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I've been trying to solve this problem for hours. function expand that takes a list of elements and frequencies and expands them into a simple list. For example, the result of (expand '(a (3 b) (3 a) b (2 c) (3 a)) should be (a b b b a a a b c c a a a)

Here is my solution:


helper function:

(define (expandHelper n value)
  (if (= 0 n) 
      '()
      (cons (append (cons value '()))(expandHelper (- n 1) value)))) 

the expand function

(define (expand lst) 
  (cond ((null? lst) '())
    (else (expandHelper (car lst) (cadr lst)))))

But, it doesn't do what I expected it to do. It looks for an integer when the list only has one element which is the value. For example, (expand '(a (2 b)). Since there is only one copy of a, it doesn't have (1 a) in the expression. I am new to Scheme. I would really appreciate it if you could help me.

Thanks

Here is an updated version: But's it's still not right. I would really appreciate it if someone would help me modify my code to get the right results.

;; helper function
(define (expandHelper value)
  (if (= 0 value) 
      '()
      (cons (append (cons (car sublist) '()))(expandHelper (- (car sublist) 1) (car sublist)))))  

;; the expand function
(define (expand lst) 
  (cond ((null? lst) '())
        (else (list? (car lst)) (expandHelper (car lst)) (expand (cadr lst)))))
share|improve this question
    
maybe im just being difficult, but what are a b and c? Are they identifiers? just stand-ins for integer literals in your dicussion? do you intend them to be quoted and serve as characters? obviously the function can not be called exactly as you describe –  jon_darkstar Apr 9 '11 at 2:35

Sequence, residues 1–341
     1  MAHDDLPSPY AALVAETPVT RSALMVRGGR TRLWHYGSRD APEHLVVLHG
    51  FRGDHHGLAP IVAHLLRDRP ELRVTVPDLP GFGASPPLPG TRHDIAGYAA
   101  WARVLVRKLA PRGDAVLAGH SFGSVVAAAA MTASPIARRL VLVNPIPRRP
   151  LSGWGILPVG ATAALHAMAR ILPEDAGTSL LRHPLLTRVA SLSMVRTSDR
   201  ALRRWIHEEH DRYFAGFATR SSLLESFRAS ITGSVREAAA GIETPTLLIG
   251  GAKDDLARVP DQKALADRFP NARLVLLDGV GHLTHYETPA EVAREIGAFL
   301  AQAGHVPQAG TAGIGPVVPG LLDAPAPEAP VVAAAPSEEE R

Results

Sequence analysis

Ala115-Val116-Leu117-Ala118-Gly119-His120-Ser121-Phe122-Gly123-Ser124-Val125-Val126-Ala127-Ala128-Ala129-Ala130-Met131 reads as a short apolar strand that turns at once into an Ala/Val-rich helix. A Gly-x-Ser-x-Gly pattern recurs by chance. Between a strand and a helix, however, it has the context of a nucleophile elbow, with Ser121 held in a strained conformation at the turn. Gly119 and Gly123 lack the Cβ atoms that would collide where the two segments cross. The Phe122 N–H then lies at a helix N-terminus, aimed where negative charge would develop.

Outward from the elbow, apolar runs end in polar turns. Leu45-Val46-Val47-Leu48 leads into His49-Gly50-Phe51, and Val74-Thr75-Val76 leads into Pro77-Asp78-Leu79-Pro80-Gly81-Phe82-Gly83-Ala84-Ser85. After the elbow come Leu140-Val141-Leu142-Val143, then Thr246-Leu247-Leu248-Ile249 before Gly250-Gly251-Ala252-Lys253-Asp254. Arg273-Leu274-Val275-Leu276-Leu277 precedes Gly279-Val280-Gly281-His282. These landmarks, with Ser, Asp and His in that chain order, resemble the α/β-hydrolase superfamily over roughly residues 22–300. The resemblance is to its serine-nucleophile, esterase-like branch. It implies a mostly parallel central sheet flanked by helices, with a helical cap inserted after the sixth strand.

@jon_darkstar: They're symbols. –  Mehrdad Apr 9 '11 at 2:37
1  
@jon_darkstar: They're symbols, and there's nothing wrong with the way they're being used. Did you miss the quote? –  dfan Apr 9 '11 at 2:58
    
@dfan: yep =P his function call was fine obviously, ive used it verbatim in my answer below. sorry about that –  jon_darkstar Apr 9 '11 at 3:02
    
prgammer, have you read The Little Schemer? It's hard to give a concise-but-understandable description of recursion, and this book does a really good job. –  Denise Apr 9 '11 at 22:28

5 Answers 5

This would be my solution, without any helper function, and recursing on sublist (i.e. (3 a) becomes (cons a (expand '(2 a))):

#lang racket

(define (expand lst)
  (cond
    ((null? lst) '())
    ((list? (car lst))
     (let ((cnt (caar lst)) (chr (cadar lst)))
       (if (= cnt 0)
           (expand (cdr lst))
           (cons chr (expand (cons (list (- cnt 1) chr) (cdr lst)))))))